WHO provides practical steps to help countries adapt global guidance on antenatal care
Governments can help to save lives and improve every woman’s and adolescent girl’s experience of pregnancy by updating their national guidelines with the WHO recommendations on antenatal care. For WHO recommendations to be effective however, they must be adapted to local context and monitored in
a consistent way.
That is why WHO has now released the Antenatal care recommendations adaptation toolkit, in collaboration with Ministries of Health, WHO Regional and Country offices,
implementation experts and country stakeholders.
The toolkit sets out practical steps for governments wishing to introduce WHO recommendations at national and subnational level.
In addition, an antenatal care monitoring framework, has been developed to help countries and health facilities track their progress and impact.
A standard process for adapting WHO guidance
The WHO antenatal care guidelines for a positive pregnancy experience include 23 recommendations which are context-specific: they need tailoring to local situations, for example, populations with different nutritional needs or rates
Currently there is no standardized method for implementing global recommendations at the national level.
The new antenatal care toolkit guides policy makers in how to interpret and apply context-specific recommendations; steps which can be time-consuming but which are essential for providing care to meet each person’s
needs and preferences.
“Countries were not only asking for technical guidance on antenatal care, they also wanted an evidence-based approach on how to adapt that guidance for their own contexts,” explained Dr Nancy Kidula, a Medical
Officer in the WHO Regional Office for Africa.
Understanding local context to improve maternal health
The Ugandan Ministry of Health has successfully used the new toolkit as part of efforts to improve women’s experience of care during pregnancy.
Policy makers were able to take up the new recommendations while also addressing local practices which are not recommended, by following practical steps for community engagement, planning and analysis. They were also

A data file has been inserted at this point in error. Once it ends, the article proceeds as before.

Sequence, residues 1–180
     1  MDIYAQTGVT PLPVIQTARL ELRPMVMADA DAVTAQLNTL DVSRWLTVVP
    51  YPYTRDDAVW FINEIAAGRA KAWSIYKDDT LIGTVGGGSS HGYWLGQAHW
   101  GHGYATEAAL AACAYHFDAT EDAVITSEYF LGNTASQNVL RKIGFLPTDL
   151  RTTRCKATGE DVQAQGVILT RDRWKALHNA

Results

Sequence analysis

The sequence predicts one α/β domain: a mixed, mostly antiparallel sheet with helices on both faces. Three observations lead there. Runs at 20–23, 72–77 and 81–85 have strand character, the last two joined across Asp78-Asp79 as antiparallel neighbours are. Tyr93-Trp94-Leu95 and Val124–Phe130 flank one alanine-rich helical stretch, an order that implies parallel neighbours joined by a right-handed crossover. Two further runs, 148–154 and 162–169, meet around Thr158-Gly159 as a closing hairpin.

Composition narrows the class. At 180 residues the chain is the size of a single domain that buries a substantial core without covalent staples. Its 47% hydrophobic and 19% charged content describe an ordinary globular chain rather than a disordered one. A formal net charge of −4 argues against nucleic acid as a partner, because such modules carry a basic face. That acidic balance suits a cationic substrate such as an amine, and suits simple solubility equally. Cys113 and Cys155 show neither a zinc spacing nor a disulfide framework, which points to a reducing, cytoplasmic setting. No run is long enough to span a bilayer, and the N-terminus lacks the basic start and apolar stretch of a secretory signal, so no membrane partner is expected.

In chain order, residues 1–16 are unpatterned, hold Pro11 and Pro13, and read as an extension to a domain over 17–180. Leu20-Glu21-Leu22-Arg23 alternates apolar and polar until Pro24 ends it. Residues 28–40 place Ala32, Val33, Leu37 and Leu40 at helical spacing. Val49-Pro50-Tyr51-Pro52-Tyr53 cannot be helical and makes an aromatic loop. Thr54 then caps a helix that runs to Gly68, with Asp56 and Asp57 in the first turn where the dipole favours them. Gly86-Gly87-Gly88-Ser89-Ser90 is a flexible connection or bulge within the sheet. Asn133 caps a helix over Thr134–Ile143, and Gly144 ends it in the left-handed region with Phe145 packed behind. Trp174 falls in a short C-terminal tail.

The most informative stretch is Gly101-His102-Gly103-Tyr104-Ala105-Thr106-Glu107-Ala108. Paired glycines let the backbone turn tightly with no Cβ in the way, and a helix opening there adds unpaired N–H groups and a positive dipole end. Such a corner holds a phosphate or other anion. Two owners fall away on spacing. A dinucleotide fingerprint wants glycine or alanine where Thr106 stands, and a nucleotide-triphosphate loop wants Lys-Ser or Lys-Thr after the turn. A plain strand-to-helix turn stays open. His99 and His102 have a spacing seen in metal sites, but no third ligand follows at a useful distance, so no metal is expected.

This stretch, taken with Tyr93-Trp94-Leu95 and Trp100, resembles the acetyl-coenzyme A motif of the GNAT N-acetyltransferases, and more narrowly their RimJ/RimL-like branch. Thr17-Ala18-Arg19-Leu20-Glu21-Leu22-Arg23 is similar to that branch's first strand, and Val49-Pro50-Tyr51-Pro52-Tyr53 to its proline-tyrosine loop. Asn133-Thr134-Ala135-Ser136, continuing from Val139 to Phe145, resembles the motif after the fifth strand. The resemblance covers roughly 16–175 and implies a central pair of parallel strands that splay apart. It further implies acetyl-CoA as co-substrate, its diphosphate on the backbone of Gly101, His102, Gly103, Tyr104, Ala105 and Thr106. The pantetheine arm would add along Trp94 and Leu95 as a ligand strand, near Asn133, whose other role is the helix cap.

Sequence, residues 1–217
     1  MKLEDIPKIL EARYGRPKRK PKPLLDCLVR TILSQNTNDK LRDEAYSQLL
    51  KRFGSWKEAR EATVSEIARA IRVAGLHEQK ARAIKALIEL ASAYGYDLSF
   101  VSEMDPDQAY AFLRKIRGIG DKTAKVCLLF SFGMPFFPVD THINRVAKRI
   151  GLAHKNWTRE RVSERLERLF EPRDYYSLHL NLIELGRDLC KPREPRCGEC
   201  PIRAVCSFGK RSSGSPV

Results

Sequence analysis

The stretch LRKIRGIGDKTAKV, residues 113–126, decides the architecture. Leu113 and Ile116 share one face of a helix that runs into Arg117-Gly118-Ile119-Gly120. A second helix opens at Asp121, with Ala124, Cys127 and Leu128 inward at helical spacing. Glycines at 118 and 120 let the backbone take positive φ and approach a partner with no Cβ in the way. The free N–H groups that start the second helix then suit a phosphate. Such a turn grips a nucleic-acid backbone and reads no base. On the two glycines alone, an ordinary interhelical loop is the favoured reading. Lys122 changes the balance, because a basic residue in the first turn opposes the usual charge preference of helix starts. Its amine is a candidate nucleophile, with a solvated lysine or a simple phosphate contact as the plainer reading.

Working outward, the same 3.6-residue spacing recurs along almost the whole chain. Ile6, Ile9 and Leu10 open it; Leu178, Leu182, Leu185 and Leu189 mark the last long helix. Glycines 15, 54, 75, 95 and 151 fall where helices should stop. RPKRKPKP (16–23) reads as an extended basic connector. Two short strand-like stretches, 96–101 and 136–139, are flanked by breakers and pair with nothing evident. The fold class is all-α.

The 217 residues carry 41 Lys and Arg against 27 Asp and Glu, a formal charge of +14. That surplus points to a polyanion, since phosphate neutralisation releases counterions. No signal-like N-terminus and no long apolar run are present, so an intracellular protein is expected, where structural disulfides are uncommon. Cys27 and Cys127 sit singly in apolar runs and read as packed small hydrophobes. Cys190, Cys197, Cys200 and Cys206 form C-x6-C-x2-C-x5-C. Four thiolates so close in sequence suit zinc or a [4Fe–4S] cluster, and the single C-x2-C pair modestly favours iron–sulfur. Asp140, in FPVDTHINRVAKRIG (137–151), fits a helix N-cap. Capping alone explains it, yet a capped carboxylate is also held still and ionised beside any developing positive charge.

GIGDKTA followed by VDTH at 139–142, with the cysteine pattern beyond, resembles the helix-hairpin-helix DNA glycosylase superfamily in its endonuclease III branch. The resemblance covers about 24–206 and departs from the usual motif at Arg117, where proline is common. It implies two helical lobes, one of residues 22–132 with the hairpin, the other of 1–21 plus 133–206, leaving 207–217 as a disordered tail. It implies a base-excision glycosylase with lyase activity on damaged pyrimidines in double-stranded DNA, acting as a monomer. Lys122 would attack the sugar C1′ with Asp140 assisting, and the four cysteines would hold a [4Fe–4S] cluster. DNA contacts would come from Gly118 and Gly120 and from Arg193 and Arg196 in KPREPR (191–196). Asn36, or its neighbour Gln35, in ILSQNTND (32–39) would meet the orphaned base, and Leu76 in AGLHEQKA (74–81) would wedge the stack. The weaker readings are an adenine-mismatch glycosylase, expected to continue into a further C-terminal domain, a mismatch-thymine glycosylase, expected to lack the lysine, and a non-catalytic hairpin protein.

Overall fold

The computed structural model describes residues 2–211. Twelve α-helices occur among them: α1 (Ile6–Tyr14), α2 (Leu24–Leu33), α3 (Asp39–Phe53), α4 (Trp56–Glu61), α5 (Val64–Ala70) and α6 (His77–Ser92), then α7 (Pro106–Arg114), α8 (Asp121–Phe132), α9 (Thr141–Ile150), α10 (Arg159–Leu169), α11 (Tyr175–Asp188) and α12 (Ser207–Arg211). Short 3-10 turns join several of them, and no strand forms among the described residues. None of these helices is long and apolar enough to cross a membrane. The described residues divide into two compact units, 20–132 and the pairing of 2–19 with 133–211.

able to integrate antenatal care into the country’s wider maternal health framework, including TB screening and birth and emergency preparedness plans.
“This new toolkit has galvanized country teams, changing the way that they look at antenatal care coverage, quality and availability, continued Dr Kidula, who supported the toolkit development and
its implementation in Uganda, as well as eSwatini, Namibia, Rwanda and Zambia.
“With the tools to analyse different levels of the health system, they have been able to see where there are not enough trained staff and essential supplies for the women seeking care. We are seeing a major
difference in the antenatal care guideline of countries that have used the toolkit, and those that have not.”
Monitoring delivery and impact of antenatal care
Monitoring is an important part of the improvement process for routine antenatal care, at both country and health facility level.
The new monitoring framework for the WHO antenatal care recommendations includes indicators on clinical care and strategies for improvement. Like the toolkit, the monitoring framework is meant for local
adaptation, with global and context-specific indicators.
It also identifies gaps where new indicators are needed: in particular, the lack of indicators currently available to capture an individual’s experience of care.
This is crucial as experience of care is a core component of quality and respectful care, at the heart of the WHO recommendations on antenatal care for a positive pregnancy experience.
Strategic support for countries to improve maternal health and beyond
The new antenatal care toolkit is part of a wider strategy to improve support for countries adapting and implementing WHO guidelines across the maternity care continuum.
“While the Ministry of Health has been proactively working towards strengthening the antenatal care in the country, there is need for aligning the package as per WHO recommendations,” explained Dr Ram Chahar,
National Programme Officer (Maternal and Reproductive Health), WHO Country Office for India.
“The use of the antenatal care toolkit has simplified the process of adaptation and revision of the existing antenatal care package.”
A similar approach could be useful across all areas of health
“When WHO guidelines are designed to be adapted for use in different contexts, they are more effective in addressing diverse health needs. As countries work to improve the health, well-being and rights of every
individual, they need tools which can make WHO recommendations work, in turn, for them.” said Dr Ӧzge Tunçalp, a scientist at WHO/HRP.
These tools and and other antenatal care resources will be available on the WHO Antenatal Care Portal, launching in July.